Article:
Day-to-day life with two languages
Firstly, you are probably going to realise you have a few more classes and modules than your new housemates. Please do not to get scared or stressed by this! I have found that the number of contact hours in seminars has actually made managing work so much easier. Most teachers set you work that is manageable to get done within the few days between classes. As languages students, we also tend to have fewer lectures and more seminars. This means that it is a lot easier to stay on track and not procrastinate.
Another key part of everyday life is switching between your two chosen languages, a skill that takes a lot of practice, and one I don’t think I will ever fully master! I very often begin my Spanish classes with ‘Ciao’ and end my Italian seminars with ‘Adiós!’ However, there are definitely ways that can help you get into the right mindset before entering the classroom. I find that even just looking over some pre-reading or notes I have made for that class ten minutes prior can help me get my head around the language switch. It is also important to make sure you keep your notes quite separate – maybe even colour code them? This way, your brain hopefully will associate certain folders or colours with that language. At least that is what I have found helped!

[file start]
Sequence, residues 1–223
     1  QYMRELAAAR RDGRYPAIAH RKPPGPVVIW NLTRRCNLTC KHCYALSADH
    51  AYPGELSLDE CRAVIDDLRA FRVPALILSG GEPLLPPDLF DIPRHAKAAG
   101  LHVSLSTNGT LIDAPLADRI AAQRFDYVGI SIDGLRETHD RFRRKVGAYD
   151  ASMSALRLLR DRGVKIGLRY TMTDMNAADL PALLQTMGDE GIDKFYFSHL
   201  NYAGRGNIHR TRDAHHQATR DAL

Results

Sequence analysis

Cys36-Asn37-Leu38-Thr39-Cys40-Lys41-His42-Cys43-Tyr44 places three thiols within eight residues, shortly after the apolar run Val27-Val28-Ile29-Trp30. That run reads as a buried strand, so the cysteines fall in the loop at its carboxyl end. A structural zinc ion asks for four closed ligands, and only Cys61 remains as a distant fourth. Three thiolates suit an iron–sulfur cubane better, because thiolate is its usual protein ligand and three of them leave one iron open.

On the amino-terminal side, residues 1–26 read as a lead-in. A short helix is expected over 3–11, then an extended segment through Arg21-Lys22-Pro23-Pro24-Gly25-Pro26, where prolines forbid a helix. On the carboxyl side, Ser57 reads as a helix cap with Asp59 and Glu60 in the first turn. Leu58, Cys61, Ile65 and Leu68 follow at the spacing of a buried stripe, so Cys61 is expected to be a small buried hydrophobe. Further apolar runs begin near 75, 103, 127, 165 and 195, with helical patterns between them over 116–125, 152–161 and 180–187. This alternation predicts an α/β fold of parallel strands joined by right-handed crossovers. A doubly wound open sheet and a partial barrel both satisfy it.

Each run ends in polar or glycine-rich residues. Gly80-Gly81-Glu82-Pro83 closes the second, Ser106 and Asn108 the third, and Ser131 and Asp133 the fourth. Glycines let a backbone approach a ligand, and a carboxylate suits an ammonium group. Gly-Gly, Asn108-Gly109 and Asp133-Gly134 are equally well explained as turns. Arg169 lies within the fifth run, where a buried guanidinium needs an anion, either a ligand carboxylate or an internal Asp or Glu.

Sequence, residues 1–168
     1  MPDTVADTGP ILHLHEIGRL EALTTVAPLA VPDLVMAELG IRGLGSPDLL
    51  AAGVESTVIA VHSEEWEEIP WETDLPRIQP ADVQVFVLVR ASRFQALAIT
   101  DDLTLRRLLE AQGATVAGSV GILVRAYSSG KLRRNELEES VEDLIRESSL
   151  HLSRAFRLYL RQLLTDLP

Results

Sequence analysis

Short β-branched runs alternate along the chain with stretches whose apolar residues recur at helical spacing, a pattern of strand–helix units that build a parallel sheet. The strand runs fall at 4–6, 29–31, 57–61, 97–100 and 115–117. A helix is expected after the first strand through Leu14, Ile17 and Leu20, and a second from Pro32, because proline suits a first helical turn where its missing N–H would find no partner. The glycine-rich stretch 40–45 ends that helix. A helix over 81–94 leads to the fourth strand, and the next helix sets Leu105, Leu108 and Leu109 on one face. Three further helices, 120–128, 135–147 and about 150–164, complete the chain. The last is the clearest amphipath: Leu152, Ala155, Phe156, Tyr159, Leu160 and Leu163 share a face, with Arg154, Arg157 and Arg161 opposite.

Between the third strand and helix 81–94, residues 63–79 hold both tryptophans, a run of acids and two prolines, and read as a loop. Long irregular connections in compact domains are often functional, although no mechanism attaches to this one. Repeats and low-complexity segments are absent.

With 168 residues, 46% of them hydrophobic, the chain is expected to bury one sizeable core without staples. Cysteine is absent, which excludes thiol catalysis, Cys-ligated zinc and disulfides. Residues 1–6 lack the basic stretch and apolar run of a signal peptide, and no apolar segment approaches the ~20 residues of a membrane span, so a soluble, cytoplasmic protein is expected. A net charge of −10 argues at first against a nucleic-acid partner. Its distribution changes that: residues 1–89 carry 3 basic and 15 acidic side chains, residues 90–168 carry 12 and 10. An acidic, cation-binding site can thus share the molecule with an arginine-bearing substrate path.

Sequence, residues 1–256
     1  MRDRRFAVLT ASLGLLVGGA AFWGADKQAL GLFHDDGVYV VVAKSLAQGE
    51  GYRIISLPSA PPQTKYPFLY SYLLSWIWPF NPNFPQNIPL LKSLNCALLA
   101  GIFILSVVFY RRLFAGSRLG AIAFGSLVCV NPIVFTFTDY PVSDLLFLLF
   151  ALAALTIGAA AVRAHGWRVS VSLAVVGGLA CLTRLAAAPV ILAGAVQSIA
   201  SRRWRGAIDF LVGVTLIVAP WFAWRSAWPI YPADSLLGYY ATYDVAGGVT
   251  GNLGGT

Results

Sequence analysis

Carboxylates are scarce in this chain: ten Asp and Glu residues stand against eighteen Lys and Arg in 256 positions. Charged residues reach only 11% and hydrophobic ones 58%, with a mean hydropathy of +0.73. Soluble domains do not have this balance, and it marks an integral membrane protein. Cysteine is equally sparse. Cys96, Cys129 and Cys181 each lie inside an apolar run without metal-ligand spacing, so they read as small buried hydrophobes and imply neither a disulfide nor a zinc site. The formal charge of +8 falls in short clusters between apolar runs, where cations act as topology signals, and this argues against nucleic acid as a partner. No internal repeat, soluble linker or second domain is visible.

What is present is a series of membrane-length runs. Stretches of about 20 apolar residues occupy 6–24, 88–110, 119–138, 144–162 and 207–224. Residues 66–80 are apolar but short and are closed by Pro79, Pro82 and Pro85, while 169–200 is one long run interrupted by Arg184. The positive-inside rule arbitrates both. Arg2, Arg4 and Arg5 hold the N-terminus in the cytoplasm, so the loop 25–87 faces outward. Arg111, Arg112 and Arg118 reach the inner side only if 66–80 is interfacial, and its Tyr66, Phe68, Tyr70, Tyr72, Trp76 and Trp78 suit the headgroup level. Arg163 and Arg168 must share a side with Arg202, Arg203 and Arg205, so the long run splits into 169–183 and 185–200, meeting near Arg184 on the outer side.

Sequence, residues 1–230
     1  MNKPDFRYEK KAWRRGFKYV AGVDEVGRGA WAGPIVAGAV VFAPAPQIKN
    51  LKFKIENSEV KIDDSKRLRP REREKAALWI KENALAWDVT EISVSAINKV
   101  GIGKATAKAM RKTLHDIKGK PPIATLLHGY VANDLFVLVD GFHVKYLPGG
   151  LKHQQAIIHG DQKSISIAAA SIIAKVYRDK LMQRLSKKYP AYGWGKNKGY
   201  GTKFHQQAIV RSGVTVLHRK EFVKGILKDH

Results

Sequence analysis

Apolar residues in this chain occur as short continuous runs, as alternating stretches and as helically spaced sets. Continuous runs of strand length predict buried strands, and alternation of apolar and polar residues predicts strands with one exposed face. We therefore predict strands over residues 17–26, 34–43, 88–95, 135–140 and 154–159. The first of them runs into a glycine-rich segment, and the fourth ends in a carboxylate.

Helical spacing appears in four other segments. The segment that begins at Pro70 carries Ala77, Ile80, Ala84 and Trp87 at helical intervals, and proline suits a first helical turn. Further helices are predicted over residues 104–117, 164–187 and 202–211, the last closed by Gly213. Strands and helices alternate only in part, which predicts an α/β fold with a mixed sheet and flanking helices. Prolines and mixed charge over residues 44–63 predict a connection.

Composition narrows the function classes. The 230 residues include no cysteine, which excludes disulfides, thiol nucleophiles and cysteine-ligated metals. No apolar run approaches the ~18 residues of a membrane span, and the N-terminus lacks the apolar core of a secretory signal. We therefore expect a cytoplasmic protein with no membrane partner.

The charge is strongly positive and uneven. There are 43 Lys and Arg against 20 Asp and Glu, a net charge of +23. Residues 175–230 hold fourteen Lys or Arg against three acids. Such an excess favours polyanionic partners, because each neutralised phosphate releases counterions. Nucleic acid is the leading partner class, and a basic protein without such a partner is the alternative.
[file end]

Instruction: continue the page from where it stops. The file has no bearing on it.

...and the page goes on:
My Top Tips
Something I do every day is choosing a random word and looking it up in both Italian and Spanish. I have a little chart where I write them all down and, slowly but surely, it is expanding my vocabulary in both languages.
Make friends on your course who are in the same boat as you! Last year I found it a little difficult at first to meet people due to Covid-19. But as things began to open up, especially now that we have in-person teaching, I have made some amazing friends on my course. It is such a weight off your shoulders being able to talk to others doing the same course as you who have similar interests and workloads.
Take ‘you’ time! Yes, doing two languages can keep you quite busy but there is still plenty of time to explore other hobbies of yours. I am part of multiple sports clubs as well as societies, and I find it is possible to balance socialising and nights out with studying. Sometimes the best way to improve your studies is to make sure you aren’t focusing on them 24 hours a day; having other hobbies makes you enjoy the time you do spend on your course so much more.
Opportunities for Languages Students
There are so many opportunities available for languages students that will be useful for you in the future! Firstly, the most obvious one is the year abroad. Some students may have a year abroad as a part of their degree from the get-go. But if you don’t, it is worth looking into, as it is possible to add it for all eligible students! As a 2nd-Year, I am currently investigating and finalising what I want to do in my year abroad. I have received lots of support and information from my tutors. If you are eligible, you have the opportunity to do work placements, study at university, or even teach in schools abroad.
Here at York, we have societies for many different languages, as well as a general ‘language and linguistics’ society. Some of the exciting socials you can look forward to include movie nights (featuring films in your chosen language), cooking classes and quizzes!
I hope you have found my ideas helpful, and feel excited about starting your journey here at York!